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Scouts Camp Fire

camp fire
camp blanket

What springs to your mind when you hear the word ‘campfire’? No camping activity for our Scouts would ever pass without the lighting of a fire as dusk falls. For me, the words call up memories from my Guiding childhood of marshmallows on sticks; flour and water dampers wrapped around my carefully whittled stick (yes, a knife hanging from our uniform belt was essential equipment then); watching the sun setting; singing favourite campfire songs, and laughing with each other as we performed really silly skits patrol by patrol (Gang Show style). Not forgetting, of course, all those call and response items – getting louder and louder as we sat round the fire! Telling ghost stories to each other was also part of the evening event – scary stuff as we sat in the safety of the firelight, but with darkness falling all around...

Thinking back, it was then that I discovered the worldwide aspect of the Scout movement – many of the songs I learnt were from countries where Scouting flourished. I also
learnt about singing in rounds as I snuggled into my camp blanket. This ‘family heirloom’ blanket now lives in Australia, covered with my Guide badges, my husband Keith’s 1st Crich Scout badges, our daughter’s Guide badges, and now our grandson’s Australian Scout badges! There’s not much space left for more!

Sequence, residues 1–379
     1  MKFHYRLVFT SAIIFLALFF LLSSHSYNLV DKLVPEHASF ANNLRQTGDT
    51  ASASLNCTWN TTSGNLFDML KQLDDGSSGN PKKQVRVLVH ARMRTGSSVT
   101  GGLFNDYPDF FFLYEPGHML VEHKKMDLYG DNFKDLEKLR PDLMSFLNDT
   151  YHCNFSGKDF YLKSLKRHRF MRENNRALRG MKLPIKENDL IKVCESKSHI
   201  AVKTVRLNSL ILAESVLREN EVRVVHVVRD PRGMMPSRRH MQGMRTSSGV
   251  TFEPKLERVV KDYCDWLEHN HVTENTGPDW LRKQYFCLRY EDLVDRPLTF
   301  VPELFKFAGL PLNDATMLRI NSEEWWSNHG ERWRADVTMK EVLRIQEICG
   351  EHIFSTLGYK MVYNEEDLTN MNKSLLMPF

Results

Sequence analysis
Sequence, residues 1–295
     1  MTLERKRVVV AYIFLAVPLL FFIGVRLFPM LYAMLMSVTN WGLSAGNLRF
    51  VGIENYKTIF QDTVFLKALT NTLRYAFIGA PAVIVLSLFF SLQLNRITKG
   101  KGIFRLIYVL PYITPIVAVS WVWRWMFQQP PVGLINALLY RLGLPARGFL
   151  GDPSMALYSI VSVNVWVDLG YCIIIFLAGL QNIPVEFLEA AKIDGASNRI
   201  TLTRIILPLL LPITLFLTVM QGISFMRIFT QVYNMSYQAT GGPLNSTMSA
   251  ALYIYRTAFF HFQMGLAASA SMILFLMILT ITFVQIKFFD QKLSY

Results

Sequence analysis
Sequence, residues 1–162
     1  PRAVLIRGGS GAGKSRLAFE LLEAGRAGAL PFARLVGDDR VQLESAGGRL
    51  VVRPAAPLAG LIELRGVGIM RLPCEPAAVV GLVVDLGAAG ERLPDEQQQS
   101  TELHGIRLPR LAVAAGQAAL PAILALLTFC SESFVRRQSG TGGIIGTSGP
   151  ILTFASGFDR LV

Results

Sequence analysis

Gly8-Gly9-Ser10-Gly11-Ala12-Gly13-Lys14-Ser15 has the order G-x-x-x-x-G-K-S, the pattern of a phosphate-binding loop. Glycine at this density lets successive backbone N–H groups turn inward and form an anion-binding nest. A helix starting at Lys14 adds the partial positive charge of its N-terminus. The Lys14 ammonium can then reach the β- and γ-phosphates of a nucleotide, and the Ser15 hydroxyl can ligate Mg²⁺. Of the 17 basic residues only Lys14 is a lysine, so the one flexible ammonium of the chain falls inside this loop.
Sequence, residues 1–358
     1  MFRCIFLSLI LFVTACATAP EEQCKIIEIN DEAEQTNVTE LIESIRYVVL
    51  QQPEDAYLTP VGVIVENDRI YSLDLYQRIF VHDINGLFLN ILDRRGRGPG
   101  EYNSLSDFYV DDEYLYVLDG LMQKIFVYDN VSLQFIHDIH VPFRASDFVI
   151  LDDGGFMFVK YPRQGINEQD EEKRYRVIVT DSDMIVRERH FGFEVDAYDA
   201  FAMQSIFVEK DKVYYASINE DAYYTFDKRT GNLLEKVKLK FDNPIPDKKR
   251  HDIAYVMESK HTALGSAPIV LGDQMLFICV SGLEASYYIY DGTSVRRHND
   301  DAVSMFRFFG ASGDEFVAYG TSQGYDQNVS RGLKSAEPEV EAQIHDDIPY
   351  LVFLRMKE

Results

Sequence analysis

Drumming cub scout

Many of our current Crich Scout members are great musicians and are working their way through the five stages of the Scout Musician badge. The badge consists of an assessment in their skill, performance, knowledge and interest in their chosen instrument(s), which can include their singing voice (our mouths are the first instrument we learn to use as a child, of course!). The badge is linked to the Royal School of Music Exam grades which many of our local children are guided through by our local schools – for example, the Crich Junior School Band is well known in our villages.

One Scout in particular is a keen drummer and was the winner of the local ‘Cubs Got Talent’ competition; since then he’s played live at a Derbyshire Scouting event and has progressed to Grade 6. Soon, he’ll be playing in a band at the Hot House Music School in Derby. Another Scout plays double bass with the Nottingham Youth Intermediate Orchestra. Both Scouts are playing at the standard required for the highest Scouting music award: ‘Musician – stage 5’.

Boy playing double bass

Our community has benefited hugely from our young people playing and singing locally for Day Care, Careline, at church services and many more events. We’re thrilled that
a lot of our Scout members are part of that larger community music picture.
Meanwhile, how about jogging your memories with these songs? Campfire’s Burning; Come, Come, Light Up the Fire; Quartermaster’s Stores; Land of the Silver Birch...
Excuse me now: I must stop writing because I’m off on a bear hunt through the long grass, the short grass, the mud...